Odds & Ends: December 6, 2021

Band: Devour Every Star | Album: Antiquity | Genre: Progressive metal, Trip-hop | Bandcamp

This is certainly one of the more distinctive genre fusions I’ve run across. Buzzy black metal merges with spacey instrumental hip-hop passages to forge a distinctive sound. It’s spooky and laid-back, and it’s definitely worth looking into. As a whole, it feels a little long; I think this style may be better suited to a 20-minute EP. Nonetheless, it’s quite unique, and this act shows ability beyond simply being a curiosity.

Score: 70/100

Artist: Ehsan Gelsi | Album: Ephemera | Genre: Progressive rock | Bandcamp

This instrumental piece was commissioned by the city of Melbourne to celebrate Melbourne Town Hall’s 150th anniversary, thus it prominently features the town hall’s grand organ as its primary instrument. Ephemera is grand and majestic in its harmonious marriage of reedy organ and lush, liquid synthesizers. The whole album is quite warm, and it feels midway between Mike Oldfield and Rick Wakeman. Elements of classical and electronic music are regularly incorporated, making this a surprisingly diverse record despite its limited sound palette.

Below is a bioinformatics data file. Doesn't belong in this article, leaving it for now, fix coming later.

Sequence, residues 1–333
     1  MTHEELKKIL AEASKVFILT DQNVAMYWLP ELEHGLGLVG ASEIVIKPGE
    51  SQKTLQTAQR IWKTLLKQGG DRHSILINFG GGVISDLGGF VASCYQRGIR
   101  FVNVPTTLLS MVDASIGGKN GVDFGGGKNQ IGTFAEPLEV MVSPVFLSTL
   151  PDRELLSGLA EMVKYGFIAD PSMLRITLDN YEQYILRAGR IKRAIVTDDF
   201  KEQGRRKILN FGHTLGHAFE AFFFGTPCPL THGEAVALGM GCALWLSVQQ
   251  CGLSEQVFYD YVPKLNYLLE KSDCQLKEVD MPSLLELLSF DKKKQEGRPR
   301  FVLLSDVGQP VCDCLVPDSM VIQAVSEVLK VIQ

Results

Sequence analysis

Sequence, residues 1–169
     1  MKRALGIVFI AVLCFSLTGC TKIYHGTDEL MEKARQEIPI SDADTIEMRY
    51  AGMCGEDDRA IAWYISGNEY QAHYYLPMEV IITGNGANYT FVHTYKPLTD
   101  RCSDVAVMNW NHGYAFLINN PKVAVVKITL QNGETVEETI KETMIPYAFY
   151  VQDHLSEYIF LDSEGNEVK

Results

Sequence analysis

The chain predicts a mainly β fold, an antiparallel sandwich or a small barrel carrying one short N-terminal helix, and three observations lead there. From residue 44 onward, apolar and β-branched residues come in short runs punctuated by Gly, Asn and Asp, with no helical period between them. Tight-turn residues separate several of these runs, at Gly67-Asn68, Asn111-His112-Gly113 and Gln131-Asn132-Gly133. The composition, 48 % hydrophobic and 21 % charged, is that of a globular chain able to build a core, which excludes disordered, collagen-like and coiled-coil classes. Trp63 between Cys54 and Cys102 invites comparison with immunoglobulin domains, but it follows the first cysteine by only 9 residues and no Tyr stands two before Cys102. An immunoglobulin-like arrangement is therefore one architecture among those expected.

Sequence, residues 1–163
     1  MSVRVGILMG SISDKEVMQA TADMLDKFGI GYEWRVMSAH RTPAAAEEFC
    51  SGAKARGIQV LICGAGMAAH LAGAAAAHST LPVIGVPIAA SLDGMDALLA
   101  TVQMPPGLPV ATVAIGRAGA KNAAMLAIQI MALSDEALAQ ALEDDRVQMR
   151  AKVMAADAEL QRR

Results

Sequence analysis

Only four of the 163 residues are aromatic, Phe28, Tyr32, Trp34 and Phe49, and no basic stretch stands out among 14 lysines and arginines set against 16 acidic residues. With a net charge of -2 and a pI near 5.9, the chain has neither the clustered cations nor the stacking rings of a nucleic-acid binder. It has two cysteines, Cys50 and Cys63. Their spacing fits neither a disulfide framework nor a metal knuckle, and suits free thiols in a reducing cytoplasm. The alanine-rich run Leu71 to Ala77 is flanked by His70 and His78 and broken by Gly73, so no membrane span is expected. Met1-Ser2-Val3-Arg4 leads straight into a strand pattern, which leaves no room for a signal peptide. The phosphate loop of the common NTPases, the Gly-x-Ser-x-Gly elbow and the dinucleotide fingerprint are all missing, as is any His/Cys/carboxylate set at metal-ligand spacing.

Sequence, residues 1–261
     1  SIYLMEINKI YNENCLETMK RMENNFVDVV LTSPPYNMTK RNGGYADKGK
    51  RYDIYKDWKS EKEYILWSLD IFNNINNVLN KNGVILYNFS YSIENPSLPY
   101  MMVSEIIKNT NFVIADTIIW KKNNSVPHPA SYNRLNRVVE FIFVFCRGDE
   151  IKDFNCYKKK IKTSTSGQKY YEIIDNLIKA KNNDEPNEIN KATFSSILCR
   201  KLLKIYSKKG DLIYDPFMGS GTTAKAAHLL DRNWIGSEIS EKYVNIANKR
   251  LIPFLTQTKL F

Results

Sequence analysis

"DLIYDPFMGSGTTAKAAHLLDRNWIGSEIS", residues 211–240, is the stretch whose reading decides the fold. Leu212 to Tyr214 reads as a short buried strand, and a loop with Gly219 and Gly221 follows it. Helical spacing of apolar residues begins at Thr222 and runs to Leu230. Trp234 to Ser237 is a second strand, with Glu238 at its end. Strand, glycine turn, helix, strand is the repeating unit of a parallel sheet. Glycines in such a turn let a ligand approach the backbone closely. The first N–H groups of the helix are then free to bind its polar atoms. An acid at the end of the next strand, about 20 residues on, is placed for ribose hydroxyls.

Score: 80/100

Continue reading “Odds & Ends: December 6, 2021”

Album Review: Not Otherwise Specified – Deadweight

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Band: Not Otherwise Specified | Album: Deadweight | Genre: Progressive rock | Year: 2019

From: Atlanta, USA | Label: Weeping Angel Studios

For fans of: Dream Theater, Kansas, IQ, Riverside, Spock’s Beard

Buy: Bandcamp | Amazon | Apple Music

When progressive rock first emerged as a distinct genre, the United States were slow to make a sound for themselves. The Brits were the genre’s progenitors, and they largely defined its archetypes and evolution. “Anglo-prog” is an awfully broad swathe of musical styles, but it conjures up a definite set of sounds. The Italians forged a unique niche, and the French, Spaniards, and Yugoslavs had their own identifiable quirks as well, to say nothing of Krautrock.

The American sound that eventually did emerge was pioneered by bands like Kansas and Starcastle: derived from the Anglo sound but grander, more bombastic, and less subtle. Not Otherwise Specified (NOS), while unmistakably modern, draw heavily from that mid-70s American sound. Continue reading “Album Review: Not Otherwise Specified – Deadweight”